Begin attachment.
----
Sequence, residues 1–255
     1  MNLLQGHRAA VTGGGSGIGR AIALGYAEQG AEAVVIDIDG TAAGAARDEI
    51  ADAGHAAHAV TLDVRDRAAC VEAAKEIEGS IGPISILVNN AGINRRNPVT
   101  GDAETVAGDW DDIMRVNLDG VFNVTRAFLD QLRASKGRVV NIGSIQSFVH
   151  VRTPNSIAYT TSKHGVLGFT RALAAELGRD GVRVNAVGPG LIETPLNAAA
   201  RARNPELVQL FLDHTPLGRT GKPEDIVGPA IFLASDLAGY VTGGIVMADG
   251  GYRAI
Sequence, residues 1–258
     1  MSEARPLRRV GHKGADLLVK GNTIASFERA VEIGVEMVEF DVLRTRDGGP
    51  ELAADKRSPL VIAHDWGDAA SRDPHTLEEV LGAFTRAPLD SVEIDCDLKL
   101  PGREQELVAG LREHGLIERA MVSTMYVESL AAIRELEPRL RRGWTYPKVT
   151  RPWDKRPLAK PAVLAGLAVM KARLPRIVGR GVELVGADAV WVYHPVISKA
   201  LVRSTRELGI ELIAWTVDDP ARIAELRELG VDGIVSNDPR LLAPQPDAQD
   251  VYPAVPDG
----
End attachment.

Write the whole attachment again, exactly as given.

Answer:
Sequence, residues 1–255
     1  MNLLQGHRAA VTGGGSGIGR AIALGYAEQG AEAVVIDIDG TAAGAARDEI
    51  ADAGHAAHAV TLDVRDRAAC VEAAKEIEGS IGPISILVNN AGINRRNPVT
   101  GDAETVAGDW DDIMRVNLDG VFNVTRAFLD QLRASKGRVV NIGSIQSFVH
   151  VRTPNSIAYT TSKHGVLGFT RALAAELGRD GVRVNAVGPG LIETPLNAAA
   201  RARNPELVQL FLDHTPLGRT GKPEDIVGPA IFLASDLAGY VTGGIVMADG
   251  GYRAI
Sequence, residues 1–258
     1  MSEARPLRRV GHKGADLLVK GNTIASFERA VEIGVEMVEF DVLRTRDGGP
    51  ELAADKRSPL VIAHDWGDAA SRDPHTLEEV LGAFTRAPLD SVEIDCDLKL
   101  PGREQELVAG LREHGLIERA MVSTMYVESL AAIRELEPRL RRGWTYPKVT
   151  RPWDKRPLAK PAVLAGLAVM KARLPRIVGR GVELVGADAV WVYHPVISKA
   201  LVRSTRELGI ELIAWTVDDP ARIAELRELG VDGIVSNDPR LLAPQPDAQD
   251  VYPAVPDG